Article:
One of the biggest worries for beginner surfers is injuries and severe harm, such as drowning. While injury risks are considered low, surfing accidents get more media attention due to their rarity. This article will examine drowning and how we can prevent it.
Here are five different causes of drawing while surfing.
1. Losing consciousness from a head injury.
Depending on the board size, your surfboard weighs around 3-7kg. During serious wipeouts and turbulence in the waters, if the board hits your head hard enough, it can knock you out. Therefore it’s essential to know how to handle the fall and wipeouts.
Head injuries can also occur due to collisions with other surfers or underwater reefs. According to Surfers Medical Association, 8 per cent of head concussions result from near-drowning episodes.
When expecting a wipeout, position yourself so you fall to the side of the board rather than failing with the board. During take-off, beginners often make the mistake of holding on to their board too long, even after the board’s nose has pierced the water (nose-dive) and then goes down together with the board.
How to prevent it:
Practice falling off the board on the side or the back of the board. Practice catching lots of waves at different speeds and angles. As a beginner, it’s impossible to know all the timing of the catching waves, and you will get many wipeouts.
You will slowly learn what acceptable positioning is when catching waves.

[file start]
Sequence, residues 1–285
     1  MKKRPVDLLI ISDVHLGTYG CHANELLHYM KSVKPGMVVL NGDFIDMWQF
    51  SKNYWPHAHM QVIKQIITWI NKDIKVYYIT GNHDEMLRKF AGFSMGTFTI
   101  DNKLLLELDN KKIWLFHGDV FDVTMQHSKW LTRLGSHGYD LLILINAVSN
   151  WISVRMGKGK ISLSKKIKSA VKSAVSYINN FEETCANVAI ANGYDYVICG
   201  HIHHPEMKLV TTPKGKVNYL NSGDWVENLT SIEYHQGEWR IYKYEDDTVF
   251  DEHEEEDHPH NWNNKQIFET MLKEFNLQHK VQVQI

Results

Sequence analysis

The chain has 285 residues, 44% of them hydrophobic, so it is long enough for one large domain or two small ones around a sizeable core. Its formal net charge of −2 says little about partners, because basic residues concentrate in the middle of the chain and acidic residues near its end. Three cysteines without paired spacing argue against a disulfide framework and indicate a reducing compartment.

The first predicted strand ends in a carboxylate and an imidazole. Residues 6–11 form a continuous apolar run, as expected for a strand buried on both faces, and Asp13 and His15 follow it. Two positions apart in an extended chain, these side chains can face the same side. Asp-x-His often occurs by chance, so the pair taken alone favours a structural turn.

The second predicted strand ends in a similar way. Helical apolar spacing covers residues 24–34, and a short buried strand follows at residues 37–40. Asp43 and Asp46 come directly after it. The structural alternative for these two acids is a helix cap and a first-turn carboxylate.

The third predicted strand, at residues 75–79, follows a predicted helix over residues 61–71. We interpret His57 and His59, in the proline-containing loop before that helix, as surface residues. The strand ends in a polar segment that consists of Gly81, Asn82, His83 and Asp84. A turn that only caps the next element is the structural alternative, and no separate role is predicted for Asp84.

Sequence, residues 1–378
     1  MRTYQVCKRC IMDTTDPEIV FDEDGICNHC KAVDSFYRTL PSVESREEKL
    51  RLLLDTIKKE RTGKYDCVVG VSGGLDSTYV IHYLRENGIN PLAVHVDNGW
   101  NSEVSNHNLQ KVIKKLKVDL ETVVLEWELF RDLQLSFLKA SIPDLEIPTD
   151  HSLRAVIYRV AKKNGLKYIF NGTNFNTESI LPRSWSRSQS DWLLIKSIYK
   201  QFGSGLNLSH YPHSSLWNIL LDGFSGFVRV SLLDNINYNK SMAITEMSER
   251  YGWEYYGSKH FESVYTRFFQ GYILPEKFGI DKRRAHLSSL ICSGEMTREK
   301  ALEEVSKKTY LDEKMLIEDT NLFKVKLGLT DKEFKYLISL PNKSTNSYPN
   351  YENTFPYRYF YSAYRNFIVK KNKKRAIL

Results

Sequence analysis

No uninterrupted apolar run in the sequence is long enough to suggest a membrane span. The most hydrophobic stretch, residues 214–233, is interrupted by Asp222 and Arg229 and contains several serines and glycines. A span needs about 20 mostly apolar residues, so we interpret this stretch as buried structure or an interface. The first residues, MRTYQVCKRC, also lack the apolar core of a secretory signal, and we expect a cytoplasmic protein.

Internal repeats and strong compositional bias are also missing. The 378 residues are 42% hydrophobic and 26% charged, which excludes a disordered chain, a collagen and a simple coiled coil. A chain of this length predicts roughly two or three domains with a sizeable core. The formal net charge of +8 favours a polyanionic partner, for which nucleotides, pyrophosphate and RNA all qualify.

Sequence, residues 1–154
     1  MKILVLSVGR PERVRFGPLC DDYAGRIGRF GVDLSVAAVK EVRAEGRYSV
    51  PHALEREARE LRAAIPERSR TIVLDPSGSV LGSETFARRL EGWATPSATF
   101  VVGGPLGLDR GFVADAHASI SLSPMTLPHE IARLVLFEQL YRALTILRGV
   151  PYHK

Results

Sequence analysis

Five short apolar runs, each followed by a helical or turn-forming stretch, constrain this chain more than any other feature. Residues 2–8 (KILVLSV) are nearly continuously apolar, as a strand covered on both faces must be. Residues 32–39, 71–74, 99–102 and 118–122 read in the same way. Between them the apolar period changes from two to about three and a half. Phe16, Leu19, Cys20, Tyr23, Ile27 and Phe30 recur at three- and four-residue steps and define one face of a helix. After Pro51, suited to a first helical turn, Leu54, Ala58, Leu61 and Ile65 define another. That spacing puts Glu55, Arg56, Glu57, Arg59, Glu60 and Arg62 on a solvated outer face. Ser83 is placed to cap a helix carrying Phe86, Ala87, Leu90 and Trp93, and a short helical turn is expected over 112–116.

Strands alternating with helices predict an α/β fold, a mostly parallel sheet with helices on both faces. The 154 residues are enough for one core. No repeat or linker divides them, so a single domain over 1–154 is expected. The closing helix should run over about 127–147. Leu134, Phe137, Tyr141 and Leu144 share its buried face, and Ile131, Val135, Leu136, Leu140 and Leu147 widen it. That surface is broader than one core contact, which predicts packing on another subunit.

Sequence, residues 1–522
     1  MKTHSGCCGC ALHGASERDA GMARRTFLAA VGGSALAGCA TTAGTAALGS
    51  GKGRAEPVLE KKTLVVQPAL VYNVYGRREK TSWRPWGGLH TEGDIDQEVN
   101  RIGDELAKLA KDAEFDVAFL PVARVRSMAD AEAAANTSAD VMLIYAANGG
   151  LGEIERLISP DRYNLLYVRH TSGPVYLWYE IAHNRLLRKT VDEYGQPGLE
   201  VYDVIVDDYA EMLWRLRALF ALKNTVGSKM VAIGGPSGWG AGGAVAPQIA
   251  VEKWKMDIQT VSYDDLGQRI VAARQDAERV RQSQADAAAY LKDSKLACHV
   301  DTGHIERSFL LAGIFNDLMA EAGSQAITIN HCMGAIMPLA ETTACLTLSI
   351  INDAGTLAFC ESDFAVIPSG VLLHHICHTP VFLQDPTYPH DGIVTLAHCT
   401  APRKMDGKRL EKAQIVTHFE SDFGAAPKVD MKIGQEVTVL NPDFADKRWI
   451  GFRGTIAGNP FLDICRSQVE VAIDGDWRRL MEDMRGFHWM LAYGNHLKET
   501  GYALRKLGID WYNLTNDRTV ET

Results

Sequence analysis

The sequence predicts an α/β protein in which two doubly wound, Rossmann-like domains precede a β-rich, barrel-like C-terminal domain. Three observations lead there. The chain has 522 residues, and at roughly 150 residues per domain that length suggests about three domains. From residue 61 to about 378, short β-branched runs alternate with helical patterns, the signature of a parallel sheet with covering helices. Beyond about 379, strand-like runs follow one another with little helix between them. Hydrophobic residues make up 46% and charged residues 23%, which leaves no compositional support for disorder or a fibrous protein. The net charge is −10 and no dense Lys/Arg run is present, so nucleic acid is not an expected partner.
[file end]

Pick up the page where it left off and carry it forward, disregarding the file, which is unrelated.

Practice falling to the side of the board when you think it’s too late to stand up or ride the wave. Even after you pop up, kicking the board forward and falling into the water is okay. As your paddling technique and power improve, you will slowly catch faster and steeper waves.
You may consider wearing a helmet. Not many surfers wear helmets, but when you ride a reef break or extremely crowded spot, wearing a helmet can protect you from concussion.
2. Long Hold down from big and powerful waves.
As you can see in the photo, waves are formed in circular motion underwater; as it breaks, it causes turbulence. Swimming through this turbulence is impossible, and as the wave passes, you are gradually left behind and eventually re-surface.
See this video and see how an actual wipeout or hold-down may occur.
While surfing, all surfers experience hold-downs for different lengths of time. Generally, a hold down occurs after you try to catch waves, which makes you quite breathless from paddling hard to catch the wave. So there is quite a difference between holding your breath while sitting on a couch and being held down by the wave turbulence after 4-6 powerful paddles.
Ten seconds may seem like 1 minute and can cause some panic in surfers.
Here is an example of how to practice and improve breath hold.
- Relax during a wipeout: tense muscles waste oxygen, and you must preserve as much O2 as possible.
- Wear a life jacket. If you look at the video above, the surfer is wearing a life vest specially designed for big-wave surfers.
- Hold onto your board: your board floats more than you. It’s not possible to hold on to the board during a wipeout. However, during duck diving, Nathan Florence – a highly experienced big wave surfer – suggests holding on to the board and not letting go when diving for big waves.
- Train with a professional: Here are examples of specialised breath hold training.
3. Leash getting caught in the reef/rock
This only applies to someone who surfs near the rocky bottoms or reef breaks. The leash can get tangled on uneven rocks and corals and hold you underwater. This can be a frightening experience, even if you know what to do.
All modern leashes come with a quick-release tap and a small handle to pull the leash. Don’t be so sure it’s that simple. Experienced surfers drown while their leash gets stuck, unable to release it. In the impact zone (where the wave breaks ), there is a lot of water movement and reaching to the ankle to remove the leash may not be as easy as on the land.